Danielle Brooks, Michael Shannon, Lupita Nyong'o and Julian Fellowes are among the familiar onscreen faces applauded for their contributions onstage.
When Andrew Rannells and Nikki M. James announced this year's Tony Awards nominations, Hollywood names like Steve Martin, Sara Bareilles, Danielle Brooks, Michelle Williams, Jessica Lange and Michael Shannon nabbed their first nods from the Broadway community.
This season, Hamilton leads the race with a historic 16 nominations, followed by Shuffle Along with ten and She Loves Me with eight. Long Day's Journey Into Night nabbed seven nominations, making it the most nominated play.
Honoring the best of the Broadway season, the awards will be handed out in a June 12 ceremony at 8 p.m., airing live on CBS (tape-delayed on the West Coast) from New York City's Beacon Theatre. James Corden will make his debut as the annual event's emcee.
The Hollywood Reporter caught up with a handful of the nominees. See below for Martin's politically-minded strategy, Bareilles' breakfast menu and Brooks' wise advice from her Orange Is the New Black castmate.
"Congratulations to you that you get to talk to two Tony nominees!" joked Steve Martin to THR, upon receiving his first Tony nomination for penning the book for Bright Star. He's also nominated for the show's score with Edie Brickell who, at the time of the announcement, "was doing a super hard yoga DVD, trying to right my mind no matter what was to come." Martin found himself awake at 4 a.m. and therefore watched the online webcast, but that kept cutting out. "I missed the actual announcement, and then my agent texted me, 'Yes!' I don’t think he would have texted me that if we weren’t nominated, right?"
The frequent collaborators expressed their joy and "familial devotion" to their cast. "Usually, if you get an award, you're happy for yourself, but my Protestant upbringing doesn't allow me to feel joy about it, to feel good about it. But this, you can actually feel good for other people!" laughed Martin. "I feel good for Edie, our show, that their work wasn't in vain." Today, Brickell will celebrate by catching the evening's performance. Meanwhile, Martin said, "I'm gonna write negative attack ads on the other musicals! I mean, I learned it from what's going on in politics."
Sara Bareilles received her first Tony nomination for penning the music and lyrics for Waitress. "I was watching the webcast – I wasn’t intending to, but I must have subconsciously been very excited so I woke up," she told THR. "It was so fun. I won't forget this moment of just being here, in my relatively new home of New York, sipping my coffee. This whole journey has been remarkable and life-changing." Though she's been nominated for Grammys over the years, this Tony nomination feels different. "Theater is so deeply collaborative, and it feels extra sweet to be acknowledged because we're all sharing this moment together."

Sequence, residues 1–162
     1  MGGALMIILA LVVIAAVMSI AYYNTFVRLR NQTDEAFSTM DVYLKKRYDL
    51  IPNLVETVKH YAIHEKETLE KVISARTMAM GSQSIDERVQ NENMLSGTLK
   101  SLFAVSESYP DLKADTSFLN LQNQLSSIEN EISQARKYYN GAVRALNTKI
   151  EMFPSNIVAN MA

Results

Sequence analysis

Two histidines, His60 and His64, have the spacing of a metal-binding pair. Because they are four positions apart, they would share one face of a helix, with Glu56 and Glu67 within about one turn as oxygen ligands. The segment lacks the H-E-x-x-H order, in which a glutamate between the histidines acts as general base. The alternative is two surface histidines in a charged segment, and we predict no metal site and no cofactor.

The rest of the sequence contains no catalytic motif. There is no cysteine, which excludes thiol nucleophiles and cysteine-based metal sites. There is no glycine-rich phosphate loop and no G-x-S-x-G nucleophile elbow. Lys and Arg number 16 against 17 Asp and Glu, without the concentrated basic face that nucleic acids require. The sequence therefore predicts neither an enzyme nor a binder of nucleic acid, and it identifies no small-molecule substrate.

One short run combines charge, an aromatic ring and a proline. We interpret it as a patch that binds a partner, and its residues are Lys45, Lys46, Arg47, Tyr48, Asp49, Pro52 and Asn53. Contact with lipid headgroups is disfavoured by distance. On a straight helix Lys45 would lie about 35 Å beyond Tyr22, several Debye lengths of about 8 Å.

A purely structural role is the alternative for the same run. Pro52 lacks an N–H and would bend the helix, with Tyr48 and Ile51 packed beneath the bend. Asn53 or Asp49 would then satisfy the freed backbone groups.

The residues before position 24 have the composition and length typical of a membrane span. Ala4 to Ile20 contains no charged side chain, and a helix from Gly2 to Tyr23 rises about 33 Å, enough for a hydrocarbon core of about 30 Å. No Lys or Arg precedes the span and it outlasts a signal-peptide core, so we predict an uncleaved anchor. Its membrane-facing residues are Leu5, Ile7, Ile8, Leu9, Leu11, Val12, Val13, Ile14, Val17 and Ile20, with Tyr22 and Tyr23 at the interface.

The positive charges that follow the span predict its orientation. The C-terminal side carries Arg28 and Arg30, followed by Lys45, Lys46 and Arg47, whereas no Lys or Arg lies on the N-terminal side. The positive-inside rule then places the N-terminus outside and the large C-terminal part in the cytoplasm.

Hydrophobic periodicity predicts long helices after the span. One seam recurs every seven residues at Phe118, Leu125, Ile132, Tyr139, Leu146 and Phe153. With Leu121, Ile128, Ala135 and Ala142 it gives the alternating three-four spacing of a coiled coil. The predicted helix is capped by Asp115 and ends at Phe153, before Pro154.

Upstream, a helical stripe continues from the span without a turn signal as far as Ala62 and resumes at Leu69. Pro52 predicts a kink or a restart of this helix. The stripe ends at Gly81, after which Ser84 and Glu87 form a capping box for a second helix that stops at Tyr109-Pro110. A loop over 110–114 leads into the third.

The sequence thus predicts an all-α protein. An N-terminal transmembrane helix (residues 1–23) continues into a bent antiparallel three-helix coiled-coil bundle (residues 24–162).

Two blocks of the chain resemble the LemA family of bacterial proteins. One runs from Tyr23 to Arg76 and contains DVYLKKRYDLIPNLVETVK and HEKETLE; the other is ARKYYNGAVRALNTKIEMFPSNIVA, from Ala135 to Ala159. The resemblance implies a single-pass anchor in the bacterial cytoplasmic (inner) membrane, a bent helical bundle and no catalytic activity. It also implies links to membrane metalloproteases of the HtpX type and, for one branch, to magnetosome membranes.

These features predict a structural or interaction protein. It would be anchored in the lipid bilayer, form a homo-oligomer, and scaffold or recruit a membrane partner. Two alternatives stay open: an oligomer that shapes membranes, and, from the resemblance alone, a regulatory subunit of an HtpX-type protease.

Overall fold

Today is a busy day for Bareilles, as the ensemble continues their cast album recording in the studio. Beforehand, she's enjoying breakfast from The Butcher's Daughter (a special gift from her manager) and yoga with a friend. "I texted my family but they're on the West Coast -- they're still sleeping!"
Best known as Taystee in Orange Is the New Black, Danielle Brooks earned her first Tony nomination for playing the fiercely independent Sofia, the juicy role patented onscreen by Oprah Winfrey. "Whatever is above the clouds, that's what I feel right now. The words that never get old are being grateful and blessed. I've just been crying all morning," she told THR while getting tearful again. "I'm so thrilled for my cast as a whole. It's been a lot of work doing both Orange and Color Purple and to see it pay off in a way you weren't expecting, it's so humbling. ... This was the first Broadway show I saw, the first time I realized I could do this on a larger scale, and I never in ten years thought it would lead me to my first Tony nomination."
Brooks admitted she couldn't sleep last night, and started cleaning her house at 6 a.m. to pass the time. She tried calling her dad, who was watching the nominations announcement live, but it was too overwhelming. Instead, she tuned into Today, where Cynthia Erivo and the Color Purple cast were performing. "Suddenly I saw a flood of notifications on my phone, and that's when I knew," she recalled. "I put my parents on a three-way call, and my mother is a schoolteacher and had all her students say congratulations. Then my best friend, who's also in the show, Facetimed me and I got to see the entire cast. It was just a beautiful moment."
Uzo Aduba was the first Orange castmate to reach out. "She imparted wisdom to me: 'It's okay to enjoy it. Be okay with celebrating.'"
Jessica Lange — who has won Oscars, Golden Globes and Emmys — earned her first Tony nomination for Long Day's Journey Into Night in a role she first played 16 years ago. "This all started over dinner one night when I just happened to mentioned how much I'd love to play Mary Tyrone again, that it was my favorite role I ever did, and how much I'd still love to do it again," she told THR. "It's always such an honor to be nominated, whether for an Emmy or an Oscar, but this feels like something I've worked toward for a very, very long time. To finally get a Tony nomination, and especially for this part, and for this play, it's somehow very special."